Nicky said was also raped by her “own family members”. She’s in the foot tunnels that connect London’s Charing Cross station to Trafalgar Square. She’s not alone, but when she decides to talk to me she breaks away from her pals. “That’s why I became homeless at the age of 14,” she says. “When I was seven years old my mum died of breast cancer. I had someone who was my godfather who raped me on a daily basis at age of seven years old. You don’t know nothing. You think it’s normal. And then when your dad’s getting friends around to sexually assault you and do things you don’t want to do. And you’re crying out to your family and they won’t even contact the social services.”
She goes on: “I’ve got to live with the mental scars in my head every day. When I go to sleep, if I go to sleep, I am reliving the nightmare, exactly what happened. It’s going round and round and round in my head. But you know what I still smile. I’m still a nice person. There’s so much I’ve been through I should be a right arsehole to everyone but I’m not. I still love people. I still care about people. I’ve got faith in humanity.”
Pam Orchard, the CEO of The Connection at St Martin’s, a homeless charity located next to St Martin-in-the-Fields church in London’s Trafalgar Square, tells me there would be little reason to doubt our three women’s incredibly similar stories. “People don’t make this stuff up,” she says. “It’s a very well established pattern. People who have got very complex needs will probably have experienced some kind of childhood trauma. And often that childhood trauma is some kind of abuse, often sexual. Though it’s not always, some people have got other traumas like being in a really serious car accident or a parent has died but often that trauma is related to abuse. If your self-esteem is so awful and your experience of life is so awful, then the idea that actually it might be okay and you could have a better life is so completely foreign a concept that if someone is offering it to you, you just don’t believe it.”
In July to September 2019, an estimated 3,985 people slept rough in London – up 28 per cent on the previous year. Figures show that 22 new people bed down on the capital’s streets every single day. When he was mayor, Boris Johnson promised to end rough sleeping in the capital within three years – that was 10 years ago. In 2018, a record 726 people died homeless in England and Wales.
The Combined Homelessness and Information Network (Chain) collects data in England on the numbers sleeping on the streets but it is never possible to be exact. In 2016, 12 per cent were women and in 2017 the figure was 14 per cent. Pam Orchard estimates it is now nearer 18 per cent. In a report from the University of York on the counting methodology, Joanne Bretherton and Nicholas Pleace write: “The research provides evidence that women who sleep rough will often try to conceal themselves, whether in an attempt to stay safe from strangers or known abusers. This means that rough sleeper counts may be more inaccurate in terms of representing women than is the case for men.”
And that’s just rough sleeping numbers, not general homelessness. Polly Neate, chief executive of Shelter, explains: “Rough sleeping is the most visible form of homelessness and has almost doubled in the last five years, but the true scale of homelessness is largely hidden from view. Hundreds of thousands are trapped in temporary accommodation or sofa-surfing right now.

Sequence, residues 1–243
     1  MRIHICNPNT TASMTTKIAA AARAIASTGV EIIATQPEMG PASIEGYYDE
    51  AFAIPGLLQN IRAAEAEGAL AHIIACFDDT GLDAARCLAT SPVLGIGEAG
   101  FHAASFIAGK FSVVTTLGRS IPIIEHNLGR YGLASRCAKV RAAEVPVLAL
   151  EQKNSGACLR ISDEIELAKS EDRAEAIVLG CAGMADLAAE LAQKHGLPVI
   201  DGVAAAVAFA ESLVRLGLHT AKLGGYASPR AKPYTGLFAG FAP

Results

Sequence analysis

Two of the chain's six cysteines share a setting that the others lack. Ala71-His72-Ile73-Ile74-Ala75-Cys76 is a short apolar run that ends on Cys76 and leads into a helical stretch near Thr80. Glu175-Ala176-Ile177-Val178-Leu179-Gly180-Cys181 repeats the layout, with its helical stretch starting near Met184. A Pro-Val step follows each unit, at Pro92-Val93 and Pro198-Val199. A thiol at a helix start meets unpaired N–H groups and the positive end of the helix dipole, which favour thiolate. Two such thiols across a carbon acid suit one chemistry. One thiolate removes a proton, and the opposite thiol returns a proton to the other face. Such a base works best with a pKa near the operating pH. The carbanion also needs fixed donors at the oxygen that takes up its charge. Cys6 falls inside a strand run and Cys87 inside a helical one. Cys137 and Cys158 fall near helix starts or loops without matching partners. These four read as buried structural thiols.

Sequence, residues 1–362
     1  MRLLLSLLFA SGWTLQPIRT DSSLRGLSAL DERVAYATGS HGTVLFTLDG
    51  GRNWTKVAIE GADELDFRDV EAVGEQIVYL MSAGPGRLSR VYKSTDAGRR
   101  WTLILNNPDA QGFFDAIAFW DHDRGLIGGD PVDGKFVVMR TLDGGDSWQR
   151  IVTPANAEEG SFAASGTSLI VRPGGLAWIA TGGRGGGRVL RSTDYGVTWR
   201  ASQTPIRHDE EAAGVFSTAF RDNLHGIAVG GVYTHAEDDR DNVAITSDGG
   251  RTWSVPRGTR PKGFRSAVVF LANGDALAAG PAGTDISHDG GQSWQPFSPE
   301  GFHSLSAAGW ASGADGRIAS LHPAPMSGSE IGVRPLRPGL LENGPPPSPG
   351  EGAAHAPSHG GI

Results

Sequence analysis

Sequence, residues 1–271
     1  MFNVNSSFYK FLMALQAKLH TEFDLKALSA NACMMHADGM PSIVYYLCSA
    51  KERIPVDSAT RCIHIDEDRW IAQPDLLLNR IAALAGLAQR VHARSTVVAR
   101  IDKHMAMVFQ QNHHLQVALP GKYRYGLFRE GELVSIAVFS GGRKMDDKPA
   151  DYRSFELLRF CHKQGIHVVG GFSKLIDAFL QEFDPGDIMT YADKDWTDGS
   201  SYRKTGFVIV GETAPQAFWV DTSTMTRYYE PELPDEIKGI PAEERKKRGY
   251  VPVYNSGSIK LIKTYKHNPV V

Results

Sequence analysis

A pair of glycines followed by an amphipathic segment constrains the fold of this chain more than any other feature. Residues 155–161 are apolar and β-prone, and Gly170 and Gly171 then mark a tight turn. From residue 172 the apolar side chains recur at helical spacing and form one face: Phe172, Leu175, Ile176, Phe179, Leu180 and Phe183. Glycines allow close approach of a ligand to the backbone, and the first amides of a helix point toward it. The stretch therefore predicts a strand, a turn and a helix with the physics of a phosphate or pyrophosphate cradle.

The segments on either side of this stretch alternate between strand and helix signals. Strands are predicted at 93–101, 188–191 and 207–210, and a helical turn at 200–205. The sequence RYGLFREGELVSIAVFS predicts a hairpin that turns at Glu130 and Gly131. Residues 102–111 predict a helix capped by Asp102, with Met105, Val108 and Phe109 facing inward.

“Many of the country’s ‘hidden homeless’ are women – particularly single mums, who make up nearly two-thirds of the homeless families living in temporary accommodation in England. The only way to break the vicious circle pushing women into homelessness is for the next government to build at least 90,000 social homes a year, and make sure housing benefit covers the cost of rent.”
Cat Glew, women’s strategy manager at the charity St Mungo’s and author of the report Rebuilding Shattered Lives, which looks at how services can be better tailored to women, says: “Women do avoid services and they do have good reasons for doing that which tend to be focussed around fears for their own safety, fears about who might be there in the service with them. Women make choices when they are rough sleeping to protect themselves, or choices that they feel are safer – which services like ourselves might not agree with, but we have to respect and understand why those women are making those choices in order to design interventions and services that are going to work for that group.”
Pam Orchard elaborates: “Women will get into all sorts of really horrible relationships in order to avoid being on the streets so they’ll do things like offer men sexual favours to get a bed for the night. You’ll see women on buses and doing things that mean they’re avoiding rough sleeping but they are still roofless.”
Nicky lays bare how vulnerable women are. “You get attacked. You get men coming up to you, offering you money. ‘If I give you a fiver will you give me a blow job.’ I might be homeless but I am not going to do that. I’ve got my self respect,” she says. “You will get the odd man stick his cock in your face. Literally I’ve had it happen. You’ll get pissed on. You’ll get smacked up. I’ve walked down the street and I’ve had some guy just like ‘oh will you give me a blow job’ grabs hold of my head, I said no, he goes ‘I’ll give you £20’ and I says ‘no, I don’t want your £20’. Bang. Straight in the jaw. I had bruising all round my face for three days after that.”